When Chris Markey (193) and Kahlil Bell (109) both rushed for over 100 yards against Washington, it was the first time a pair of Bruins broke the century mark since the same pair did it against Rice in the second game of the 2006 season.
MATTHEW SLATER's 85-yard kickoff return for a touchdown was UCLA's first since Brandon Breazell returned two for touchdowns in the 2005 Sun Bowl.
True senior Shannon Tevaga had his games started streak snapped at 34 straight games when he sat out the Washington game with a knee injury. Redshirt senior cornerback Trey Brown is now the player with the most consecutive starts (34). Others with starting streaks of note include OL Noah Sutherland (19), OL Chris Joseph (17), TE Logan Paulsen (13) on offense; on defense: DB Chris Horton (19), DL Bruce Davis (17), DB Dennis Keyes (17), DL Kevin Brown (16), LB Christian Taylor (11).
Redshirt senior wide receiver Joe Cowan is one of just four players to have multiple career touchdown receptions of at least 77 yards. Danny Farmer had three and J.J. Stokes and Freddie Mitchell also had two.
Bruin head coach Karl Dorrell helped guide the Bruin team to the seventh 10-win season in school history in 2005. Dorrell has been a part of three of the seven record-tying seasons. In 1982, he was a freshman wide receiver on a Bruin team that went 10-1-1 and handed Michigan a 24-14 loss in the Rose Bowl. In 1988, Dorrell served as a graduate assistant coach on the Bruin squad that went 10-2 and bested Arkansas in the Cotton Bowl.
Karl Dorrell was named co-Coach of the Year in the Pac-10 for the 2005 season. He was the fourth UCLA coach to receive the honor, joining Bob Toledo (1998), Terry Donahue (1993, 1985) and Dick Vermeil (1975).
Redshirt senior linebacker Christian Taylor made a total of 83 tackles to rank second on the team in 2006 and also ranked third with 4.5 sacks and 13.5 tackles for loss. He made eight tackles, including two for loss, in the Emerald Bowl. In the 2007 opener versus Stanford, he made six stops, including one for loss. He added six solo stops versus BYU, six tackles at Utah and four versus Washington.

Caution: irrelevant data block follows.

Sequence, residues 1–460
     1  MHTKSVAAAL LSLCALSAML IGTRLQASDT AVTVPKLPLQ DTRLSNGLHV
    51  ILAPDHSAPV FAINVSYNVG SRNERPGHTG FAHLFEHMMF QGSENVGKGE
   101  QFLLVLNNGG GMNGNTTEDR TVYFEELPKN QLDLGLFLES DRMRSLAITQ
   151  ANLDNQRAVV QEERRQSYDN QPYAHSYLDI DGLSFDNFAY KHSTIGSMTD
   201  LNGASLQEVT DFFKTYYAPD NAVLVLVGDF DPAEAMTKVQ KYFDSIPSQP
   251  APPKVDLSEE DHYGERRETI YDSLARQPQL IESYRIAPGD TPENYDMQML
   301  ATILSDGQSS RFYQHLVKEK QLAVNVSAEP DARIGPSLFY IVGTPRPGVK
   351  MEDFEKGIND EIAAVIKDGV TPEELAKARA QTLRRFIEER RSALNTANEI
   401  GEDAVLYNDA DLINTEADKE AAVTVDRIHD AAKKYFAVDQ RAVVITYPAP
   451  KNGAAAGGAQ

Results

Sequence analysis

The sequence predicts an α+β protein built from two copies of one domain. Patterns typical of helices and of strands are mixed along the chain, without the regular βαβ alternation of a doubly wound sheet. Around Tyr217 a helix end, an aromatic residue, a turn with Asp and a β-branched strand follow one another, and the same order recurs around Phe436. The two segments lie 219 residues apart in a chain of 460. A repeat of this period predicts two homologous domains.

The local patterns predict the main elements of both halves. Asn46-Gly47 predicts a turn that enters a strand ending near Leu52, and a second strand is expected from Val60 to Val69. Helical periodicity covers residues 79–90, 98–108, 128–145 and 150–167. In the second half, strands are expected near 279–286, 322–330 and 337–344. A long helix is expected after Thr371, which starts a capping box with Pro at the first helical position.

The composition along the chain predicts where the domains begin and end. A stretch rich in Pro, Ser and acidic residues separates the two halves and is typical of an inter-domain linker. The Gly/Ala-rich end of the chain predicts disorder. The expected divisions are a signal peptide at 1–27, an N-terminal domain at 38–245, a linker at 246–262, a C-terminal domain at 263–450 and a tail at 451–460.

Redshirt senior safety Dennis Keyes was third on the team with 79 tackles in 2006 and tied for the team lead in three of the last six games. He made six tackles in the 2007 opener versus Stanford. He led the Bruins with 10 tackles against BYU, had nine at Utah and five versus Washington. He also returned an interception 60 yards versus Washington for the first touchdown of his career. He leads the team with 30 tackles and his average of 7.50 is 15th in the Pac-10.
The interception return for a touchdown against Utah in the 2006 opener by Alterraun Verner was the first by a UCLA true freshman since 1989, when Carlton Gray returned one 65 yards for a score versus Washington. Verner's 89-yard scoring return versus Arizona made him one of just six Bruins, the only freshman, to have two scoring interception returns in the same season.
Karl Dorrell is the first Bruin head coach to lead his team into a bowl game in each of his first four years on the job (2003-Silicon Valley Classic; 2004-Las Vegas Bowl; 2005-Sun Bowl; 2006-Emerald Bowl).
Patrick Cowan's 78-yard touchdown pass to Brandon Breazell in the 2006 Emerald Bowl was UCLA's longest offensive play from scrimmage and UCLA's longest since the 2005 Arizona State game, when Drew Olson and Joe Cowan combined for a 91-yard touchdown.
Patrick Cowan's 329 passing yards at California rank 23rd on UCLA's single-game list and fourth among sophomores. His 351 yards of total offense rank 19th on that single-game list and third among sophomores. Both totals were 2006 season highs for the Bruins.
TEAM NOTES -
The crowd of 72,986 at the BYU game (Sept. 8) was the highest for a home opener since the 2001 opener versus Ohio State (73,723). It was also UCLA's best non-conference crowd since that Ohio State game. UCLA drew 72,124 against Washington on Sept. 22.
UCLA's 624 yards of total offense in the 2007 opener versus Stanford was the 11th highest total in school history. It is the most ever in a Bruin season opener and the most in any game since the 2005 Arizona State game (660 yards).
In two Pac-10 games, UCLA is averaging 580.5 yards of total offense, 335.5 on the ground and 245.0 in the air, and 44.5 points.
UCLA's 45 points versus Stanford were the most in a season opener since 1998 when it scored 49 to open the season versus Texas at the Rose Bowl. It is also the most points scored by UCLA in a season opener on the road (UCLA scored 44 at San Diego State in 2005). The last time the Bruins scored more points in a Pac-10 road game was the 1998 Arizona contest (52-28).
UCLA's 338 rushing yards against Stanford were the most by the team since the 2004 Washington contest (424 yards).